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Remembering Curtis Lloyd 

“THERE HAS NEVER BEEN an ax in those woods,” Curtis Gates Lloyd once wrote of woodlands that now are the heart of a 1,200 acre Kentucky Department of Fish and Wildlife Resources management area bearing his name in northern Grant County. 

Lloyd died in 1926, but some of the trees he loved are still standing within sight of a hiking trail through a remnant of the old growth forest. Among them is a giant black walnut that measures some 50 inches in diameter 4.5 feet from its base. And a few yellow poplars may be even larger, says Dave Frederick, a public lands biologist with the department. 

As a youngster, Lloyd, a native of Florence in Boone County, developed what would become a lifelong fascination with botany. He ran errands for a wholesale drug business and spent most of his spare time collecting plants in the wild and corresponding with botanists. With little formal training, but with years of study in the science of botany, he would become an eccentric, internationally known mycologist—devoting most of his research to the study of fungi in many parts of the world. 

“Of all the people we have written about in local history, the person I would like to have met the most is Curtis,” says Ken Stone, retired publisher of the Grant County News

Lloyd’s two older brothers, John Uri and Nelson Ashley, owned a successful pharmacy business in Cincinnati in which Curtis was a partner. The Kentucky Encyclopedia devotes an entire page to the Lloyd brothers, with by far the most space given to John Uri, a scientist and pharmacist who spent some of his early life in Boone County. He authored eight scientific books about medicine and eight novels mostly regarding the folklore of northern Kentucky.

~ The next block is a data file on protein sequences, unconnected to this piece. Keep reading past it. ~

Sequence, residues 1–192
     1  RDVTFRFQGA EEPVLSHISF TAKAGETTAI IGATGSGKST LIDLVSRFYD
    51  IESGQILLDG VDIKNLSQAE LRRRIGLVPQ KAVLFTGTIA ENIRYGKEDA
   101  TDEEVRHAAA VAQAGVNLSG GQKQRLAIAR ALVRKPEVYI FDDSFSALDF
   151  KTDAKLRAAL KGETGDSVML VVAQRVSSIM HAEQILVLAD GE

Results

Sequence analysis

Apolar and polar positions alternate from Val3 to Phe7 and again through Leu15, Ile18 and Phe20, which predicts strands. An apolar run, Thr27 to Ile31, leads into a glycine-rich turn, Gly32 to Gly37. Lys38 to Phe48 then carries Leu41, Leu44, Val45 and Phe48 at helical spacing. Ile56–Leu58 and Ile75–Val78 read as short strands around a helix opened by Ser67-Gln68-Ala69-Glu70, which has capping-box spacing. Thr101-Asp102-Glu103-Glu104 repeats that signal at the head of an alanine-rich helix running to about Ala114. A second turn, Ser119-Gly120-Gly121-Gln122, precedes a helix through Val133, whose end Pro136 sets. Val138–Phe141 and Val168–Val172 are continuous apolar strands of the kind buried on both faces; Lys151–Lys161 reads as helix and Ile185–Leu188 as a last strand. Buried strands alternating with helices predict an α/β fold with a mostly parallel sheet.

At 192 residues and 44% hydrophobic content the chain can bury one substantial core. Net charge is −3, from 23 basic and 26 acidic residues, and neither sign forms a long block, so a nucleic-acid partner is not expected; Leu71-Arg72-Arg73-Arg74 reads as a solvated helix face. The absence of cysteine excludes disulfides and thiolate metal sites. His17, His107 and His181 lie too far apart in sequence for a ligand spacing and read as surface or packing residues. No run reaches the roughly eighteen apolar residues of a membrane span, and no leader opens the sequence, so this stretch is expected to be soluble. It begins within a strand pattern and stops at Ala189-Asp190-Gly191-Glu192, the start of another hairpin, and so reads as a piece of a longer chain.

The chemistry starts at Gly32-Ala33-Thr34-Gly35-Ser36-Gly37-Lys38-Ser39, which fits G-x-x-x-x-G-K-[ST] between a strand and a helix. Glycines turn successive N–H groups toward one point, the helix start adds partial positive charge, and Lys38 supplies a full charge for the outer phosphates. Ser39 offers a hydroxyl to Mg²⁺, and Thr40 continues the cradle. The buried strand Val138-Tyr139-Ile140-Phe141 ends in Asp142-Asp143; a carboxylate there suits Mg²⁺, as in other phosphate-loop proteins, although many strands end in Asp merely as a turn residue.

“Curtis never married and had no heirs, so his share of the family money endowed the (Lloyd) Library,” says Betsy Kruthoffer, the rare book librarian at the four-story Lloyd Library and Museum on Plum Street in Cincinnati. 

Curtis Lloyd also left a trust for management of the northern Kentucky property that now is near Interstate 75, a half-mile southeast of Crittenden in Grant County. He left 24 pages of detailed instructions stipulating that no trees were to be cut or removed and that thousands of flowers were to be planted. He listed the species. However, he set aside only $100 per month for care and maintenance. 

A few years before his death, he erected on the grounds a large granite monument which still stands with this epitaph: “Curtis G. Lloyd: Monument erected in 1922 by himself for himself during his life to gratify his own vanity, What Fools These Mortals Be!” 

On the reverse side: “Curtis G. Lloyd Born 1859—Died 60 or more years afterwards. The exact number of years, months and days that he lived nobody knows and nobody cares.” 

His ashes were scattered across the property that bears his name.

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